Colgin IX Estate Red 2005
Bordeaux Red Blends from Napa Valley, California
With a color saturation of purple ruby, this wine feels difficult to resist. First impressions on the nose reveal roasted herbs, grilled meat juices, juniper berry, black cherries and chocolate liqueur. Secondary aromas of terroir evolve out of this wine, such as wet clay, crushed rock, lavendar and mineral. On the palate, the wine has a supple entry with layers of lusciously textured tannin. A fresh natural acidity brings just the right amount of structure to the palate. The finish is vibrant and long.
The Wine Advocate - "My favorite of the 2005 Colgins is the 2005 IX Proprietary Red Estate, a blend of 64% Cabernet Sauvignon, 21% Merlot, and the rest Cabernet Franc and Petit Verdot. The good news is that there are 1,500 cases of this blockbuster wine, which has a Bordeaux framework but the exuberance and richness as well as fruit purity of a great Napa wine. Deep purple in color with an extraordinary nose of scorched earth, blueberries, and black currants intermixed with some subtle charcoal notes, spice, box and spring flowers, it is very full-bodied, but beautifully structured and well-delineated. With good acidity despite what is an extremely high pH (3.9), the total acids are reasonable. This is a beauty of harmony, power, and great intensity, but it is light on its feet, and an exceptional example of what this high-elevation hillside estate vineyard is capable of producing. This wine should hit its prime in 5-6 years and last for three or more decades."
International Wine Cellar - "Good medium ruby-red. The most reticent of these 2005s but with lovely purity and subtlety to its aromas of black plum, sage oil, chocolate liqueur, licorice and smoked meat. Lush, pure and sweet, with lovely spicy lift to the complex flavors of plum, minerals and dried herbs. A wonderfully seamless wine that finishes with youthful medicinal reserve and building but thoroughly ripe tannins. A Medoc-like blend of 65% cabernet sauvignon, 20% merlot, 10% cab franc and 5% petit verdot."
Wine Spectator - "Serves up a rich, complex array of flavors, built around cedary oak, ripe currant and black cherry, with hints of leather and spice. Ends with a long, intricate finish that pulls all the flavors together. Firmly tannic. Cabernet Sauvignon, Merlot, Cabernet Franc and Petit Verdot. Best from 2010 through 2018. 1,500 cases made. –JL"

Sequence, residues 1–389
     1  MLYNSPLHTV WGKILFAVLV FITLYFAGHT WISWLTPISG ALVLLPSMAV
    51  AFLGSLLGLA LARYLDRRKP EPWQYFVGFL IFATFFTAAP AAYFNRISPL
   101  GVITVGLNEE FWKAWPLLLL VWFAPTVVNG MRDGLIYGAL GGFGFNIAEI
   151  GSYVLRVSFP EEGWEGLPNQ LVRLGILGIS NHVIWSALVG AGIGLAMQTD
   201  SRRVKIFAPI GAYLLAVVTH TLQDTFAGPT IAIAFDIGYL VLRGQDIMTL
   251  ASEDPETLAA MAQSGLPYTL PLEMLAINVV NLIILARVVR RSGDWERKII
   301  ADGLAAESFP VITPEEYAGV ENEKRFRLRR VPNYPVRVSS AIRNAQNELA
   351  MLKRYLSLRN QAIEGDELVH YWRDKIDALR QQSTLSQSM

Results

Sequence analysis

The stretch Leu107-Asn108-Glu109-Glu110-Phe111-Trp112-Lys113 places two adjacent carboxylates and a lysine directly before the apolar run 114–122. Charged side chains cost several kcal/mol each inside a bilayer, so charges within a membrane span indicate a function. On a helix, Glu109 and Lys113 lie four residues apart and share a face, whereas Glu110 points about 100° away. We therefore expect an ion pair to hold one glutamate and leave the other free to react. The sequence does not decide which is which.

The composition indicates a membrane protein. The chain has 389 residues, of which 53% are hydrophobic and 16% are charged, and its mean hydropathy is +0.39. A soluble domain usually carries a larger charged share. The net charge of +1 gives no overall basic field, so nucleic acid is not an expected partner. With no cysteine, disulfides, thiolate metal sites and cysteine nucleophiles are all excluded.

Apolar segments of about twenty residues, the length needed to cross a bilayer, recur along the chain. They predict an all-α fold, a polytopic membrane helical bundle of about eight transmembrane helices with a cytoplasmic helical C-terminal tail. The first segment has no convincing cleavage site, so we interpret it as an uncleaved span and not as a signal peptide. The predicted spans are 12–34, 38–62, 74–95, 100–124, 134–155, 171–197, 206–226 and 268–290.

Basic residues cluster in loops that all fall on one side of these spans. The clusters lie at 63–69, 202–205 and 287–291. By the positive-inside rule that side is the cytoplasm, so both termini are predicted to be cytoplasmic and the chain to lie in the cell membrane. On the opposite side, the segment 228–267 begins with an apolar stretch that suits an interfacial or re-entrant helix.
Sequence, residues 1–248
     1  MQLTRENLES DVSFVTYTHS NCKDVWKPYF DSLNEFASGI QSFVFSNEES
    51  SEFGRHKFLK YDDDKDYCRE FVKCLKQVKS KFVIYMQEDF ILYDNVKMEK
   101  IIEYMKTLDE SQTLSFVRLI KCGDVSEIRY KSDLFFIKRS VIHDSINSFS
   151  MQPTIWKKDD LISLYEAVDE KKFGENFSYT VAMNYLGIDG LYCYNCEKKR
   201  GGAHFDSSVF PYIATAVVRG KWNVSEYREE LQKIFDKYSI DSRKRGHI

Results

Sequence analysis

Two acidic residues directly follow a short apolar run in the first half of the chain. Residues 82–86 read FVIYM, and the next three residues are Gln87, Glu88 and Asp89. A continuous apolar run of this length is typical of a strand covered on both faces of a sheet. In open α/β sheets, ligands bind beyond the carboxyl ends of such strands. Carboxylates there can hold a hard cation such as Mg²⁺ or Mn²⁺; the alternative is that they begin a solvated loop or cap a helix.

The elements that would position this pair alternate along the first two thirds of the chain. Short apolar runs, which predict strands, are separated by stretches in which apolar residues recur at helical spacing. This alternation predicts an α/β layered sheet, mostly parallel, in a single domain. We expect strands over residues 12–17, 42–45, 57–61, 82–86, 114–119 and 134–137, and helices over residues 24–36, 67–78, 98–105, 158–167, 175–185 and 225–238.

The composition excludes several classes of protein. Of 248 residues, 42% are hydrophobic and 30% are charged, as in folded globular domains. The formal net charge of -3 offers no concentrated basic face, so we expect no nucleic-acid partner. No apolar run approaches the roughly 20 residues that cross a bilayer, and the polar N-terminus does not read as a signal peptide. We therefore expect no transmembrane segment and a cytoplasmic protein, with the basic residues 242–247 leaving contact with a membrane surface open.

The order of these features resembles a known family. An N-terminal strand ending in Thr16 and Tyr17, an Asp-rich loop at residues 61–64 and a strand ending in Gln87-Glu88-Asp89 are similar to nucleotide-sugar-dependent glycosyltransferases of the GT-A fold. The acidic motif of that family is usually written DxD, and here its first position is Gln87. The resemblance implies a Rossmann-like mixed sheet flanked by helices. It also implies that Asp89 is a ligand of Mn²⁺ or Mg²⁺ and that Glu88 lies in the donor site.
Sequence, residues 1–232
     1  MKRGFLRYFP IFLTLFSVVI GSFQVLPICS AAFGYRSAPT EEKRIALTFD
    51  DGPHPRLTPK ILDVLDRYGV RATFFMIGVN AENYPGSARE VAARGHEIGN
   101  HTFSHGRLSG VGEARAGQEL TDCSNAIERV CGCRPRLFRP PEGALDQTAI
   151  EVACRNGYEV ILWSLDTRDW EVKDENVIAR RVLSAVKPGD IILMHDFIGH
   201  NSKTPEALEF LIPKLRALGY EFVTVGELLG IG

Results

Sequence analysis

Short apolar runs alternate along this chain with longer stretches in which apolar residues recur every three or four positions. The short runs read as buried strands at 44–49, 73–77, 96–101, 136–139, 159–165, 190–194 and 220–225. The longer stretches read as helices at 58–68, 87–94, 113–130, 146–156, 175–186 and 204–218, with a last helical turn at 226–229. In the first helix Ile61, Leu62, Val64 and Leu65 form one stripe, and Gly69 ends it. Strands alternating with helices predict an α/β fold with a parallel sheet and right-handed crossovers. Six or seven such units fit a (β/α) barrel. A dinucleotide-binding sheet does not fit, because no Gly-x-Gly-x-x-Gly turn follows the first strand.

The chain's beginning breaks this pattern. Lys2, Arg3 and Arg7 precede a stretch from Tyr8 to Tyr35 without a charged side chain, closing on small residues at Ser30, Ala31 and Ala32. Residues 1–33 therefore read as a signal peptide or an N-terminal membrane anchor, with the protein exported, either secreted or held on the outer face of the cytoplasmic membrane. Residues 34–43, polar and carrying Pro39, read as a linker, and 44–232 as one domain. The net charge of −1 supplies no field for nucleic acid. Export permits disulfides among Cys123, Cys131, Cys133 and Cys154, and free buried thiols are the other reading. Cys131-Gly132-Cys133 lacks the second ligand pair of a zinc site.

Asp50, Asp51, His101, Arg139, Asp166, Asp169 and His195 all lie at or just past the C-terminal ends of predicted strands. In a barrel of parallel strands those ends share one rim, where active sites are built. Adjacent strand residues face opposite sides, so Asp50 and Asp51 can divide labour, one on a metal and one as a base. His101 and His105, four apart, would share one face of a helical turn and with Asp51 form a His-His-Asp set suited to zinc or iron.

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About Napa ValleyView a map of Napa Valley wineries
It's hard not to think of Napa Valley when thinking of California wines. The region is, after all, the one that brought world recognition to California wine making. The area was settled by a few choice wine families in the 1960's who bet that the wines of the area would grow and flourish. They were right. The Napa wine industry really took off in the 1980's, when vineyard lands were scooped up and vines were planted throughout the county. A number of wineries emerged, from large conglomerates to small boutiques to cult classics. Cabernet Sauvignon is definitely the grape of choice here, with many winemakers also focusing on Bordeaux Blends. Whites are usually Chardonnay and Sauvignon Blanc.
Notable FactsWithin the Napa Valley lie smaller sub-AVAs that lend even more character specifics to the wines. Furthest south is Carneros, followed by Yountville, Oakville & Rutherford. Above those two is St.-Helena and finally, just grated an AVA, Calistoga. These areas are situated on the valley floor and are known for creating rich, smooth Cabernet Sauvignon, Merlot and Chardonnay. There are a few mountain regions as well, nestled on the slopes overlooking the valley AVAs. Those include Howell Mountain, Stags Leap and Mount Veeder. Wines from the mountain regions are often more structured and firm, benefiting from more time in the bottle to evolve and soften.
About CaliforniaIt's not rare to see a wine's country of origin listed as "California." A country into itself in the wine world, California makes enough varieties and styles to match many European wine countries. It produces a diverse range of wines that span the quality spectrum.
The most famous of the California wine regions is Napa Valley, and these wines are certainly outstanding – but it's not as broad and diverse as its larger neighbor, Sonoma County. Down south, Santa Barbara's Santa Maria Valley is well-known for its Rhône blends, as well as cool-climate varieties like Pinot and Chardonnay. The Central Coast, the largest California AVA, has many different microclimates that lead to a wide range of wines with many sub-AVAs.
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Alcohol By Volume GuideMost wine ranges from 10-16% alcohol by volume. Some varietals tend to have higher (for example Zinfandel and Cabernet Sauvignon) or lower alcohol levels (Pinot Noir and many white varietals), but there is always some variation from producer to producer. Some wine falls outside of this range, for instance Port weighs in closer to 20%, while Muscat and Riesling are usually a bit below 10%.
Wine Style Guide
Light & Fruity
- Red wines that are more fruit-forward and lighter in tannin and body.
Smooth & Supple
- Medium bodied reds that go down easy, with smooth tannins and supple fruit.
Earthy & Spicy
- Wines where earthy and/or spicy dominate the flavors – typically medium to full body.
Big & Bold
- Full bodied wines that have concentrated fruit and are higher in alcohol and/or tannins. Some need age.